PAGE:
Throwback Tuesday: A Look Back at Day One of 10th Inkjet Summit
The mood was electric, and the room was packed as 127 printing business owners and top-level mangers joined together at the Hyatt Lost Pines Resort (Cedar Creek, Texas), located amid the scrubby hills outside Austin, Texas. Joined by others representing nearly 60 printing focused equipment and software providers — including Platinum Sponsors Canon Solutions America, HP, Ricoh, and SCREEN — and a top-tier roster of industry speakers, the 2022 Inkjet Summit reflected the robust growth of inkjet technology in commercial, transactional, direct mail, publishing, and in-plant printing spaces.
The Inkjet Summit is a unique industry event designed to foster productive relationships between growth-motivated print providers and industry OEMs and suppliers. Because attendees are carefully vetted and are currently considering a major equipment purchase, the event agenda also includes sponsor-presented case studies and one-on-one sessions with event sponsors.
The focus of this first day of the event, however, was on setting the stage for summit attendees with a series of general sessions addressing automation, innovation, business optimization, and labor challenges. David Pesko, executive VP of business development, hosted events, and research at NAPCO Media, welcomed the audience, noting the Summit is not only an opportunity to explore new technologies, but also to connect, learn, and grow.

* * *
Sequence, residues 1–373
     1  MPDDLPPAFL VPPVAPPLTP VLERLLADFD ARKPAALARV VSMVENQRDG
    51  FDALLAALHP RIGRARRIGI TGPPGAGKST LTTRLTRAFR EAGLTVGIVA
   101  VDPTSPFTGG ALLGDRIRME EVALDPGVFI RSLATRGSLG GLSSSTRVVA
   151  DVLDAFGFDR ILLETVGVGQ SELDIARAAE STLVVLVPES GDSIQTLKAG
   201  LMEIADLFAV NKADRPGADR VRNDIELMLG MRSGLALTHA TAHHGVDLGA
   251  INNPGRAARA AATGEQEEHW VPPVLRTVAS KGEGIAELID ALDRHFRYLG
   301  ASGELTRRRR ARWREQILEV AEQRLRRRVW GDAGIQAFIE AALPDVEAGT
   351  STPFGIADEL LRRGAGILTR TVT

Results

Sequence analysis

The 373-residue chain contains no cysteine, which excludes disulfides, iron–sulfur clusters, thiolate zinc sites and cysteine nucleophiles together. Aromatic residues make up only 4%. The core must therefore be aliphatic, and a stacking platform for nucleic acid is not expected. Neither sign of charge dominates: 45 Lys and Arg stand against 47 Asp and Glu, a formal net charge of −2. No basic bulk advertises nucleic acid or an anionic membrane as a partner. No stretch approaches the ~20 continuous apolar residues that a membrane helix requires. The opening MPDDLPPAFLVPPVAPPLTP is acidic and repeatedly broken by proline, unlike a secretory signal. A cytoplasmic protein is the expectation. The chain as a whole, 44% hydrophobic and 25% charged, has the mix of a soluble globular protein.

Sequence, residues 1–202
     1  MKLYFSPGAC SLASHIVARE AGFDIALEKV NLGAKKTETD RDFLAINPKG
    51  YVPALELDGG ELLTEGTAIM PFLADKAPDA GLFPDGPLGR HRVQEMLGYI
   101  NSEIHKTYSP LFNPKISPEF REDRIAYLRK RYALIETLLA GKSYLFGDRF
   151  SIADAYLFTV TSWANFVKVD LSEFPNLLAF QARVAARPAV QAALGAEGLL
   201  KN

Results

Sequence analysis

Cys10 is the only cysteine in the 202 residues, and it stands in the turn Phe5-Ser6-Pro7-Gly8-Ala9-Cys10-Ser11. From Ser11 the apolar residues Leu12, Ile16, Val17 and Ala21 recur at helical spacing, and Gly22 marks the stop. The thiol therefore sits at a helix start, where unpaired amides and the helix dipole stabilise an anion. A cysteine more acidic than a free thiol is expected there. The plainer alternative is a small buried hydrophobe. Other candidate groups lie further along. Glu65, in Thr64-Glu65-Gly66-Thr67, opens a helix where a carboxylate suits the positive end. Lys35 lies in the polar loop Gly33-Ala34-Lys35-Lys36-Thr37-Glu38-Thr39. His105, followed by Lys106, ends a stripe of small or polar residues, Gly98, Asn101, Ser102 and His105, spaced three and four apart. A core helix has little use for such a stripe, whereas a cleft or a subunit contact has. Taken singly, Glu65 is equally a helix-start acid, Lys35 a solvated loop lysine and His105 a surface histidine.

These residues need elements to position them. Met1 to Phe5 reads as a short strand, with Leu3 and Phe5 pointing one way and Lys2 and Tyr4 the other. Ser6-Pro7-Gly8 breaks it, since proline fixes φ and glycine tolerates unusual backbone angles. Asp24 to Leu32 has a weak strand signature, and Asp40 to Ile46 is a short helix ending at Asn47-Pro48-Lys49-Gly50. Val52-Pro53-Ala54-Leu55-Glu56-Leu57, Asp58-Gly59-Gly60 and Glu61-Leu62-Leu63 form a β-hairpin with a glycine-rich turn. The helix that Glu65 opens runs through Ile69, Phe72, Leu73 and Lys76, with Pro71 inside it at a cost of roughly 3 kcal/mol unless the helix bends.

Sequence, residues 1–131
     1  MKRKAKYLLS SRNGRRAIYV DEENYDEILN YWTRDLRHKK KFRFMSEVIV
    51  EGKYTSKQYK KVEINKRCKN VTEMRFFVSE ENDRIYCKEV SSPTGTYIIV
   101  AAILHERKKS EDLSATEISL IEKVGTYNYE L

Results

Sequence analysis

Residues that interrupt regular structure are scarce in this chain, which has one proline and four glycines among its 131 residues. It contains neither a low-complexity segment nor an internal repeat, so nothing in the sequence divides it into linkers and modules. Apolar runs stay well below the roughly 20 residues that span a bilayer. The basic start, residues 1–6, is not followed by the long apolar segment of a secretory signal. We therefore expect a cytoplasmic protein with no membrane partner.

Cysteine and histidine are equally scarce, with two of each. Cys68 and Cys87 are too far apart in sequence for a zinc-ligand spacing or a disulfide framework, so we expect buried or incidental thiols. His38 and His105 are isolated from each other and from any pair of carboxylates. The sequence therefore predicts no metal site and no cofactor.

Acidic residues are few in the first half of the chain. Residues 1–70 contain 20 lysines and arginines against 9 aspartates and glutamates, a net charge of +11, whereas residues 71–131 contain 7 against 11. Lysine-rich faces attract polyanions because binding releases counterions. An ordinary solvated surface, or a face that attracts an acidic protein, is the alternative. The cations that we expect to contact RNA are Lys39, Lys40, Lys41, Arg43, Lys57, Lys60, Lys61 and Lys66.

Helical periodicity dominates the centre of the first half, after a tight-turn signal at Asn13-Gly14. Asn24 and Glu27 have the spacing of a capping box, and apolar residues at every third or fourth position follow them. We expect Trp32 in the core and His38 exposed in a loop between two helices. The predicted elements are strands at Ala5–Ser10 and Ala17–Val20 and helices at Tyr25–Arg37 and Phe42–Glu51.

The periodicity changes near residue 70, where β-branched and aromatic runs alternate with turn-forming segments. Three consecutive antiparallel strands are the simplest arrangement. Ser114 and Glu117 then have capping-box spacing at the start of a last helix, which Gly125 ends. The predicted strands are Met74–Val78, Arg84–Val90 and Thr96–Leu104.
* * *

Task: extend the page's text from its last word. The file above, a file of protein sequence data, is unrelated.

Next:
Describing the Road Ahead
In his keynote presentation, “Automation and Innovation, Driving the Inkjet Opportunity,” Marco Boer, Inkjet Summit Conference Chair and VP of IT Strategies, made the case that automation is essential in escorting the industry toward its future. According to Boer, a more profitable and efficient future will require key elements to be in place.
Boer began his presentation by describing the current state of the printing industry, with a focus on paper shortages, the effects of COVID-19, and how digital printing may have a leg up in managing the new reality. But today’s printing industry faces additional complications, including increased labor costs and a pending worker shortage expected to begin in 2026. Finally, he said the ongoing interest in the printing industry by private equity and the desire of aging owners to sell their businesses is driving a quest to increase value — which is pushing businesses toward automation and efficiency.